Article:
Theresa May vows to resign if MPs back her Brexit plan
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British Prime Minister Theresa May has promised Tory MPs that she will stand down if they back her Brexit plan.
She did not name a departure date at a packed meeting of the 1922 committee of …

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Stepping into the unknown

Submitted by on 29 Sep 2016 – 09:00

As Britain’s relationship with the European Union hangs in balance, The Rt Hon Keith Vaz MP, argues that now is the time for the United Kingdom to stand up to discrimination of all kinds and expose the welcoming nature of the nation. Spelling out the known knowns and the known unknowns of Brexit, he writes that only decisive leadership, a steady nerve and shrewd diplomacy can ensure that Britain will emerge unified, as it steps into the unknown

In the aftermath of the European Union Referendum, many people have been wondering how Parliament will implement the will of the British people.

The only sure action is to invoke Article 50 of the Treaty of Lisbon, but a vote to leave by a member state is unprecedented, therefore the rules for exit are brief and the strategy for such a move is unstipulated. What is guaranteed is that it will take a minimum of two and a half years before we know what the United Kingdom’s future relationship with the European Union will look like.

This is a time of great political, economic and social uncertainty. The country has a new Prime Minister, and it is now Mrs May’s job to lead us through the political storm.

The most pressing issue is the economy. The immediate market reaction was concerning. However, the Chancellor Philip Hammond and Mark Carney of the Bank of England have, in the short term, reassured the markets and the economy appears stabilised.

The Referendum has shown that the United Kingdom is a nation divided. Divided in its membership; with Scotland and Northern Ireland voting to Remain whilst England and Wales backing Leave. Split between generations, with the youth feeling robbed at a decision overwhelmingly supported by older generations and at odds along class lines, with many working class communities voting to Leave. Then, there is a North-South and a rural-urban divide. Division is also rife within the two main political parties.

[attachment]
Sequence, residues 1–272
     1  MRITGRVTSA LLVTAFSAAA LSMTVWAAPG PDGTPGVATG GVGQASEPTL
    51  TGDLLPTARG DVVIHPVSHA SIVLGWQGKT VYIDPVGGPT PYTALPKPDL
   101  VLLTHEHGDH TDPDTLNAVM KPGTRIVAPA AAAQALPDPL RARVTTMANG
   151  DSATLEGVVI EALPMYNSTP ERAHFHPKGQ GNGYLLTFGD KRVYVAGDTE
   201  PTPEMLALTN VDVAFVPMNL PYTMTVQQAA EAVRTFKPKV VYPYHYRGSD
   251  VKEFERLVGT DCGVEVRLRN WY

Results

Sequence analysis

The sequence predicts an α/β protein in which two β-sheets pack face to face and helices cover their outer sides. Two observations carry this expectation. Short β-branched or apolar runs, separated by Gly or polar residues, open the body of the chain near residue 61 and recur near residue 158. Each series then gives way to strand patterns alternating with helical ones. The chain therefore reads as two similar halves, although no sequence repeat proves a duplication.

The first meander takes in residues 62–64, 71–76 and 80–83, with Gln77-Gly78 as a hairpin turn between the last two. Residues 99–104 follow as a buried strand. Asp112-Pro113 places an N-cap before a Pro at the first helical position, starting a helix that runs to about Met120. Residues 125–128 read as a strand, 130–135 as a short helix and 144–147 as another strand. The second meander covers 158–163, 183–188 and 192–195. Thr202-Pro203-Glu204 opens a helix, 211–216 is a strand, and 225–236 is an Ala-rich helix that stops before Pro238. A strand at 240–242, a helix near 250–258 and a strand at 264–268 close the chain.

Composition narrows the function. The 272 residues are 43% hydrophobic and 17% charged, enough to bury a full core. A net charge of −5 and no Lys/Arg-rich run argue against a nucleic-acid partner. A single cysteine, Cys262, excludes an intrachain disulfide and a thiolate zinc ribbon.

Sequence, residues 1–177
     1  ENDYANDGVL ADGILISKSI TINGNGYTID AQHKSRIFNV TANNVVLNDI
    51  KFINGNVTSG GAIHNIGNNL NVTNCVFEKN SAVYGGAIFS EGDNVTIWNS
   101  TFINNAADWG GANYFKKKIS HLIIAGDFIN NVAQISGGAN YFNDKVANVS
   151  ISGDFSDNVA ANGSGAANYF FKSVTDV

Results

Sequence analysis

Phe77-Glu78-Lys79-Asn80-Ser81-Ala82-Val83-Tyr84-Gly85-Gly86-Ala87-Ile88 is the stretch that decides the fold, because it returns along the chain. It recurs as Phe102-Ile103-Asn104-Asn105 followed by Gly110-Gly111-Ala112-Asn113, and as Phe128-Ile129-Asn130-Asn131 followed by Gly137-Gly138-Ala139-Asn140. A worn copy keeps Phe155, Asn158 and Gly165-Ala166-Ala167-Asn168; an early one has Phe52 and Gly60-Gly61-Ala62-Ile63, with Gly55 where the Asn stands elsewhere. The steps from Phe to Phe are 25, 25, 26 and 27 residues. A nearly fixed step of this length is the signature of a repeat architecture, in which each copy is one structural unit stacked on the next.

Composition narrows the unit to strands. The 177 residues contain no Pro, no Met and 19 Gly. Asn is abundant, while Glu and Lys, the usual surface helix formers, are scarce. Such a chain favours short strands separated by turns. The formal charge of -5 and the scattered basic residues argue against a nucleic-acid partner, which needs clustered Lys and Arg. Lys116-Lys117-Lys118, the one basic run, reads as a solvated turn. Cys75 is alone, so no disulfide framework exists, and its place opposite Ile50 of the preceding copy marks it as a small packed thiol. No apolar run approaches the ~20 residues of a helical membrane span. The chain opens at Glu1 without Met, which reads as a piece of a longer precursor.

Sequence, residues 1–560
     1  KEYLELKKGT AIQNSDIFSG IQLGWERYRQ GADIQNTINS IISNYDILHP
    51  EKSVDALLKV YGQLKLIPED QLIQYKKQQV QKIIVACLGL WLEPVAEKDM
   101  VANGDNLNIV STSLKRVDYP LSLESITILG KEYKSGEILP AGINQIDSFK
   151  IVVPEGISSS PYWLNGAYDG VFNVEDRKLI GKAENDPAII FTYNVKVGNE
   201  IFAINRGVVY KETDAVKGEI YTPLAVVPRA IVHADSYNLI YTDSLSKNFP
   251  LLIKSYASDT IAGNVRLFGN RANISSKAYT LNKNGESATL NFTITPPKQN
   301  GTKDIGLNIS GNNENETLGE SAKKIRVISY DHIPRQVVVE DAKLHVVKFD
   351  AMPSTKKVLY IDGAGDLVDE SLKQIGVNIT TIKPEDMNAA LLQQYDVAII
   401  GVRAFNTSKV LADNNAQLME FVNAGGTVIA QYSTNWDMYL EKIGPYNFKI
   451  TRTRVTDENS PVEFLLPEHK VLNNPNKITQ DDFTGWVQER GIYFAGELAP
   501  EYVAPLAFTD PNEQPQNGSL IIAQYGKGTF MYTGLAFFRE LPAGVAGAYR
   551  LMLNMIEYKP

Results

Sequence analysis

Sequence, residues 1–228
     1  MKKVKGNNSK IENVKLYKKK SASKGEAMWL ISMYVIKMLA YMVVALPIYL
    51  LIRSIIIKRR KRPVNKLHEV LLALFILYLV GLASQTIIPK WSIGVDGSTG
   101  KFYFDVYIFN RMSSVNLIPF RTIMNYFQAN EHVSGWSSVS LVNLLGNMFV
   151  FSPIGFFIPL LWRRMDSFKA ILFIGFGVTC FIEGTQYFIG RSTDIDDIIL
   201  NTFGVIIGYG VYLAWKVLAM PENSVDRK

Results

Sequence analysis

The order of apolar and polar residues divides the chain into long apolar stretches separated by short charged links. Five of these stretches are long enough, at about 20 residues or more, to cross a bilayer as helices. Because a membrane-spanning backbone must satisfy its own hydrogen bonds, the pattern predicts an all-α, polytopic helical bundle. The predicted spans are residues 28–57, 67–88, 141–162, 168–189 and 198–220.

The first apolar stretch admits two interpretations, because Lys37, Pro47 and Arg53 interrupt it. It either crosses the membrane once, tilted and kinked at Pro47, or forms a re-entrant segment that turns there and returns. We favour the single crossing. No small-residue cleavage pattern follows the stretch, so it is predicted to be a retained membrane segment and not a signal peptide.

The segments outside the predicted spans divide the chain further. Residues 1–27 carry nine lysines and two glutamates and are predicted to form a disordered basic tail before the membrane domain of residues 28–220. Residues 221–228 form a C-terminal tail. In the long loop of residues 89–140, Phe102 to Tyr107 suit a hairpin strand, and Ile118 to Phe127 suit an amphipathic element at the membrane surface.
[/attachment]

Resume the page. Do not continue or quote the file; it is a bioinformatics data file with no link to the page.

A vile showing of racism and xenophobia that has seemingly been bubbling under the surface in many communities around the country has also been revealed. The perpetrators of these actions have been indiscriminate, targeting not just EU Citizens, but anybody that could be considered ‘foreign’. By fighting, and winning, a referendum on the premise of stemming migration, racist and xenophobic thoughts and actions have been given legitimacy.

I believe the liability for this lies with the Leave campaign. We now have an opportunity as a country, to stand up to discrimination of all kinds and show the rest of the world, that the United Kingdom is the open and welcoming country that I know it to be.

The new Prime Minister is responsible for delivering the wishes of the people and tackling the issue of European citizens remaining in the UK and British citizens living abroad. Migration is therefore the second key issue.

There are currently 1.2 million British citizens living in the European Union and 3 million European citizens living in the United Kingdom. The Government has repeatedly refused to confirm their status, and it is widely anticipated that this will not be made clear until after the negotiations have been completed. I cannot begin to imagine how worrying this must be.

The nation’s relationship with Europe now hangs in the balance. Planning beyond October 2018 is near impossible. As a nation we are taking a huge step into the unknown. It is only through decisive leadership, a steady nerve and shrewd diplomacy that we will emerge from this unscathed. I am sure that we are up to the challenge. In a real sense it’s “back to the people.”